OTTB Mental Health - Need Help!
I purchased an OTTB 2 years ago this coming November. Things changed in my life right around when I bought him and I wasn't able to spend as much time with him as I would have liked. I only rod him about a dozen times that first year so this year I decided to put him in training for a month and then sell him to someone who will be able to spend more time with him.
In week 3 of training he started flipping over. This is totally uncharacteristic of him. We thought it was behavioural at first but it does't seem
I had the vet come out to see him because his behavior is not normal. His throwing himself backwards is very dangerous and I really don’t feel right about selling him knowing someone might be seriously hurt by him.
He passed all neurological tests, and only showed a bit of back discomfort and minor lameness in his right front, but really not a big deal. So that part was good news… But there’s a but…
He is sometimes found with his head pressing against the barn, so the vet was wondering if these fits may actually have been seizures. So the vet did some blood work to rule out liver, kidney, or other organ diseases, and other than slightly low calcium levels he checked out fine.
The vet doesn’t believe that this is avoidance behavior meaning that it’s something else. That something else we really don’t know… The next step would be to do a cat scan but I am not in a position to spend that kind of money.
At the end of the day I am at a loss. He is not a safe horse to ride, or sell. I am grappling with either putting him down, find someone to take him to put him out to pasture… I’m not sure we have any other options.
I am going to continue to research to see if we can come up with any possible solutions… But it could be a brain tumor or something of that nature… Without doing the test we just wont know.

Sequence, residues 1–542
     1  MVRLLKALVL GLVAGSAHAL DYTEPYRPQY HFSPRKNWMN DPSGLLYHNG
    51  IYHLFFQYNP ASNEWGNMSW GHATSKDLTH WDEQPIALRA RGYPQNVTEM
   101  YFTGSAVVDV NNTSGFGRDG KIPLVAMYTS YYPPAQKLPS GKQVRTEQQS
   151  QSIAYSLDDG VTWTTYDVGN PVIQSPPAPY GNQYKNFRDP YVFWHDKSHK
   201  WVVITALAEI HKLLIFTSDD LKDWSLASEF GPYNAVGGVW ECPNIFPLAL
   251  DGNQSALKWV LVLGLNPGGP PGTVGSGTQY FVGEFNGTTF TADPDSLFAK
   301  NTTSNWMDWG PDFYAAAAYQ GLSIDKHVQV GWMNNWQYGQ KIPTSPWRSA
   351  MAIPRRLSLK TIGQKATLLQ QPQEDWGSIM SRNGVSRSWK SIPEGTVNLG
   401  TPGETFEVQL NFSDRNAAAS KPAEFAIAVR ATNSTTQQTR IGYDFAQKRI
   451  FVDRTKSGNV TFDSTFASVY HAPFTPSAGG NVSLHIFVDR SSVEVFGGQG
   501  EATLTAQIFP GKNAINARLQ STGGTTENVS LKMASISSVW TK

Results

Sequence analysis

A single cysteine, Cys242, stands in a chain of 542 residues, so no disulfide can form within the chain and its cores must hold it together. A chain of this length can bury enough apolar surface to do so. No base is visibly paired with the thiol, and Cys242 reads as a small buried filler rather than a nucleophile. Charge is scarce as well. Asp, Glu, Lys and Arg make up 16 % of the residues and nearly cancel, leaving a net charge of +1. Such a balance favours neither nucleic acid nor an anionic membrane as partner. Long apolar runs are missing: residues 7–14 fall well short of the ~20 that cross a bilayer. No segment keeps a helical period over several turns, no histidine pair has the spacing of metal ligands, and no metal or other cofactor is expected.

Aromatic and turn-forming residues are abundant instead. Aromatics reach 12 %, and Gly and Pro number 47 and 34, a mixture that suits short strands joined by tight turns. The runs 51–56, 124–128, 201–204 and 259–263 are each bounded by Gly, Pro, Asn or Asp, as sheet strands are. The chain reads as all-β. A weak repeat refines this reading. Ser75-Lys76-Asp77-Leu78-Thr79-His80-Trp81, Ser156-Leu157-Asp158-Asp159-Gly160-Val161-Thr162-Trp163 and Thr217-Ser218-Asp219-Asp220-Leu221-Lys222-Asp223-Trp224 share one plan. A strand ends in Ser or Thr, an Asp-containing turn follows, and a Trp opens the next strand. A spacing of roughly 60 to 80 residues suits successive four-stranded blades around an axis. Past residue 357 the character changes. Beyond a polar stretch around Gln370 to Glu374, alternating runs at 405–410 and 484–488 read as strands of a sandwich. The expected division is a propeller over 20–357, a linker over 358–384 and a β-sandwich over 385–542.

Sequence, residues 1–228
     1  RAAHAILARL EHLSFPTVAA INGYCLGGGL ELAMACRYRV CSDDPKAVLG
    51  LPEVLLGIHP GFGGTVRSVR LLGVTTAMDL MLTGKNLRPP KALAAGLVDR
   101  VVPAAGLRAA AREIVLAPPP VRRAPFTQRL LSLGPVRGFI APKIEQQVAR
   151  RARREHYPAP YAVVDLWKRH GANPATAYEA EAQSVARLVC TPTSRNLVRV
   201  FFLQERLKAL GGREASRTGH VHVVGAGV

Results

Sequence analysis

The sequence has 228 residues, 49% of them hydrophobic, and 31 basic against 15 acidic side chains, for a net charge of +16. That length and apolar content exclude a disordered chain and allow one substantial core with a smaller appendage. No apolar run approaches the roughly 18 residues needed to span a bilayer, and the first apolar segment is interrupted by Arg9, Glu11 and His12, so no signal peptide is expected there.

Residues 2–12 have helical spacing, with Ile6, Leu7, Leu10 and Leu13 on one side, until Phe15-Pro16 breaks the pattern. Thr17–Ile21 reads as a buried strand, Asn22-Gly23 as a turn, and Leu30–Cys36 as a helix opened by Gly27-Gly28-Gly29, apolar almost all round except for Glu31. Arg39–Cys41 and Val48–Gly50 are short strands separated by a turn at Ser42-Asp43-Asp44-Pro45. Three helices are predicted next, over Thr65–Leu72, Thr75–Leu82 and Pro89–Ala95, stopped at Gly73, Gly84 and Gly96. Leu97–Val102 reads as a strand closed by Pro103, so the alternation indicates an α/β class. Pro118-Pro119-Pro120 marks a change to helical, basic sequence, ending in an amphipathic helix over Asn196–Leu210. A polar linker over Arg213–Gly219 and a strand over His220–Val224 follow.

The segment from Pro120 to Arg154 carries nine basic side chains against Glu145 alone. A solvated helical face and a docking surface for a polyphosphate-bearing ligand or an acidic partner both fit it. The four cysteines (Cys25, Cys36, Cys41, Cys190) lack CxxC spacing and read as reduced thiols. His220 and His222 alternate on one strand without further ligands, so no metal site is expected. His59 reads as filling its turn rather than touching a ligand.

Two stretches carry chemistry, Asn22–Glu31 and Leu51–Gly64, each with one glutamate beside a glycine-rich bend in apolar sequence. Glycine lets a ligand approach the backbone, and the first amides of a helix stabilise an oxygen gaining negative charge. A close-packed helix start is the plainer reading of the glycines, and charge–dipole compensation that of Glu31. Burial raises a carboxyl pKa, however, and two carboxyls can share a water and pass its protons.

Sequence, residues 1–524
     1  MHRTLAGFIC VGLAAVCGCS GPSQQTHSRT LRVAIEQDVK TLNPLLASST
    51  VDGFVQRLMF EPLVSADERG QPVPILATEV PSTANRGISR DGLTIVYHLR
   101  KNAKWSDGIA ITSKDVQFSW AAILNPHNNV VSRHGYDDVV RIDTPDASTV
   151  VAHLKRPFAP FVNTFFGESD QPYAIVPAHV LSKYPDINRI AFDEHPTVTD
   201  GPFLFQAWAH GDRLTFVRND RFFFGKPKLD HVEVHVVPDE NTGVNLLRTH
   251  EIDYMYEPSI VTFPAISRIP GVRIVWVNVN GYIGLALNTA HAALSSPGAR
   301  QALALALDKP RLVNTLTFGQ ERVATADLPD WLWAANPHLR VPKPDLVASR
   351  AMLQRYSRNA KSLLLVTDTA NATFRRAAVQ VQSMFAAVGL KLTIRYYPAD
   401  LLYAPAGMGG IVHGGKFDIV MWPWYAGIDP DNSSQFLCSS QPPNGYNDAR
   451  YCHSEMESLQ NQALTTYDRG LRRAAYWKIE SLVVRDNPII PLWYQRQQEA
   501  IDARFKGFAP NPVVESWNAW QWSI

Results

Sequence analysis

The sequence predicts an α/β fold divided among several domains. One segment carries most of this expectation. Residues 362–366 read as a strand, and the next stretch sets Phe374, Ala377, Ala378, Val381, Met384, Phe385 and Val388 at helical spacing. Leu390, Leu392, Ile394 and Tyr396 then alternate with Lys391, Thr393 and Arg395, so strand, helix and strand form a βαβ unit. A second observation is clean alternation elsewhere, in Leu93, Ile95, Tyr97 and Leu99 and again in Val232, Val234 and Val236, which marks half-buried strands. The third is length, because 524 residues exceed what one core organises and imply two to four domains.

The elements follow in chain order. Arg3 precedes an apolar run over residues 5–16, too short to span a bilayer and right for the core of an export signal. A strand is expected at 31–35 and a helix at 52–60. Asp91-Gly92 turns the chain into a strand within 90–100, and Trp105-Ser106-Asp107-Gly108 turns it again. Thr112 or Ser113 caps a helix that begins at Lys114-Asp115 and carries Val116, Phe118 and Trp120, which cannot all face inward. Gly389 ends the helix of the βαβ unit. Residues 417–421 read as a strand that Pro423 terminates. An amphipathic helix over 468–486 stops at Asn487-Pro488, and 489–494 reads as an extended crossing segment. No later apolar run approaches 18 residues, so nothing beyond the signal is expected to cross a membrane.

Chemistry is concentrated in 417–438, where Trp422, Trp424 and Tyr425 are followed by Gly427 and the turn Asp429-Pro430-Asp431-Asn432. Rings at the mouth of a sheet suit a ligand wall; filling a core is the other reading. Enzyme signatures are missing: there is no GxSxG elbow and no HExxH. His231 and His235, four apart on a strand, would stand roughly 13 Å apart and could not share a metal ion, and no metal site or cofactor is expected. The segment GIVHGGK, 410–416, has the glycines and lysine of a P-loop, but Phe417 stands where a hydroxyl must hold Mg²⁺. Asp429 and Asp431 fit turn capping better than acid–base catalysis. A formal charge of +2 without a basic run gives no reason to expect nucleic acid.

I am looking for any insight that may be available on this message board and thank you in advance for your help!
Head pressing is a sign of pain.
The flipping or other self destructive behavior could be neurological as the horse isn't thinking clearly. It could be a mass that triggers the episodes & if it is there probably isn't much you could do for him. Seizures could be from a number of causes, most which won't show up on image tests.
Kissing spines could cause lameness issues but usually not flipping over.
You're right, he is not safe to ride & if it is seizures he really isn't safe to himself no matter where he is.
We had one who never showed any signs of illness until one night he had a massive seizure that led to him sustaining horrific injuries when he smashed his head & body around his stall. When found he was quiet but had so many head fractures he wasn't recognizable. The well built stall was demolished with blood everywhere. We got him to a hospital & while his injuries could have been fixed whatever had caused the seizures was still there so we sadly had to say goodbye.
I hope your horse has a better outcome.
I had a dairy cow do the same thing. Clearly she had a head ache.. truly and really that was what her behavior indicated. We put her on high doses or NSAID's at first and there was no improvement. We put her on high doses of steroids. It was get better or die and either the steroids would cure her or they would leave her open to infection and that could kill her or whatever was causing her pain was going to kill her.. Helped for a day or two and then she reverted to the pain behavior.
In the end we had her put down.. and because cows don't always manifest rabies like other animals and based on the time frame this happened in, the vet took a brain sample and sent it to the rabies lab. Fortunately she was negative (and after that we started to vaccinate everything on the farm for rabies). Her name was Freida.
He did mention her brain did not appear normal when he took the sample.. and while we never took this further I have always wondered if it was encephalitis (cows are not typically vaccinated for this and I do not know if they are susceptible to the organism).
I wish you luck with this horse. Sometimes the kindest thing we can do is the hardest.
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